Our founder, Dr. Erlinda Gonzalez-Berry, tells the story of how Casa Latinos Unidos started

Aug 17, 2023

Casa Latinos Unidos was incorporated as a 501c3 organization in December 2008. It was founded by Dr. Erlinda Gonzalez-Berry, faculty with Oregon State University. Below, Dr. Berry tells the story of how Casa Latinos Unidos started its journey.

“The Department of Ethnic Studies at Oregon State University had a community service internship requirement when I was department chair. It was difficult to place our students as there were virtually no agencies serving communities of color in our county. Mostly we placed our students as assistants to teachers in Corvallis Public Schools.

When I retired from Oregon State in 2007, I set my heart on founding a Latino cultural center in Corvallis. After spending many months studying processes for founding a non-profit in Oregon– a process not unlike doing research for a dissertation–I filed for said status. I was told it might take up to a year. Three months later, Casa Latinos Unidos de Benton County was granted non-profit status.

I approached Dee Curwin and asked for her support. She offered me a free of charge office space at her center, formerly known as “The Yellow House” on Ninth Street. I then applied for a City grant designated to support neighborhood community groups. I stressed that we were not yet a community group, but that very soon we would be, as there was an urgent need for creating a Latino community center. I received a small ($800) grant and began the process of building a Latino service organization and space primarily for immigrant families.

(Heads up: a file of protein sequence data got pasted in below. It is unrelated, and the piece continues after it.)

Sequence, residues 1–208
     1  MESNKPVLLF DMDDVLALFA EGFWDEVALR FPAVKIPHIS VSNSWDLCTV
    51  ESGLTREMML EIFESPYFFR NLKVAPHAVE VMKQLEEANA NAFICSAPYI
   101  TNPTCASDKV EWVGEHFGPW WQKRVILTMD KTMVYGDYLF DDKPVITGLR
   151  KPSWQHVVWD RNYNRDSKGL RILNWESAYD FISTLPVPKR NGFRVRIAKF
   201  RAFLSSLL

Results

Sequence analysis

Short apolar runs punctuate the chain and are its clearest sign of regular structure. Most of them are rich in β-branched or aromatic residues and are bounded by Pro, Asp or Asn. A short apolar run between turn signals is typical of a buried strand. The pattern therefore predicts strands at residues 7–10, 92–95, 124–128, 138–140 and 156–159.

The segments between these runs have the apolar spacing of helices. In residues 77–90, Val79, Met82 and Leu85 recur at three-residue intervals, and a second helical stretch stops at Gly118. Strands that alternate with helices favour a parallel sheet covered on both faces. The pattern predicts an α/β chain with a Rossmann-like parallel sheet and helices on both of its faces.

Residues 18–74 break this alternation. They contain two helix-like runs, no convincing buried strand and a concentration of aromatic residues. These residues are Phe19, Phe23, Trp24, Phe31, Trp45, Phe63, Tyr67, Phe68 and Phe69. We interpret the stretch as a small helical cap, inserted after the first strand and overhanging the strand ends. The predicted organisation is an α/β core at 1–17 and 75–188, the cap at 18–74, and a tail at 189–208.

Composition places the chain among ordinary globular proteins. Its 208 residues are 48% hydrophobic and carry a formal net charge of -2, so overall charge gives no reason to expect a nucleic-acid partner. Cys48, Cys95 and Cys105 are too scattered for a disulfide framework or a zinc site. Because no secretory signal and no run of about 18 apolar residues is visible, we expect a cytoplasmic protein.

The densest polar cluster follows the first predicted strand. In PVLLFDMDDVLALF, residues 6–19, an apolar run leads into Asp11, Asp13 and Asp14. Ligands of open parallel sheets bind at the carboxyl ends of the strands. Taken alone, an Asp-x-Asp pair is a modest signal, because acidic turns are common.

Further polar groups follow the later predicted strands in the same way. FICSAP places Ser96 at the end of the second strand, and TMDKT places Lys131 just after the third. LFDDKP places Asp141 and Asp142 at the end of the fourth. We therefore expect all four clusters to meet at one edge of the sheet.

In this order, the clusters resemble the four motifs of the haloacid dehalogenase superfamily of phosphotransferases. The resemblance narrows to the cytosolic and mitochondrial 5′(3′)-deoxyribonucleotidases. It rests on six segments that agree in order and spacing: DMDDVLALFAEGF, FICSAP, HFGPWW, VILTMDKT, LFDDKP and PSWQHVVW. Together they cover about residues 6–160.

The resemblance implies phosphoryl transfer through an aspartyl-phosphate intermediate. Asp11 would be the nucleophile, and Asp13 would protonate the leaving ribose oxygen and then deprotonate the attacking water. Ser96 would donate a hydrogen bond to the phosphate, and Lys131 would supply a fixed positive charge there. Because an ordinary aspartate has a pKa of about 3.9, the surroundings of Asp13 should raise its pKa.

Upon coming across a one-page Spanish language newsletter in a grocery store, I approached its editors and invited Delfina Hernandes to assist me in my mission. A migrant from Mexico, with an impressive record of community volunteer activity,  she jumped at the chance. And thus began our journey.

Our first grant came from an organization in Portland that focused on the health issues of underrepresented communities in the state. (A former student and mentee brought this grant to my attention). With a $5,000 grant  we began our community building work: an exercise and nutrition class for Latina women. Eventually the participants in this class formed the backbone of OLU, Organization de Latinas Unidas, a group of women who would play an important role in our growth. 

Our mission was to build community, to offer social services, to develop literary and intellectual skills, to create a space for cultural celebrations, and a commitment to facilitating the integration of the Latino community—with emphasis on migrant families—into the broader community of Corvallis and Benton County. And we did not collect salaries for this work.

As I look back at this piece of my life, I can unequivocally assert that it was the most fulfilling experience of my professional life, and I realize that our mission would not have borne fruit had it not been for the commitment and generous labor of people like Delfina Hernandez, Maria Hart, Doris Cancel Tirado, Dee Curwin, Yazmin Brambila, an committed corps of OSU student interns, and countless others who assisted us selflessly and lovingly.”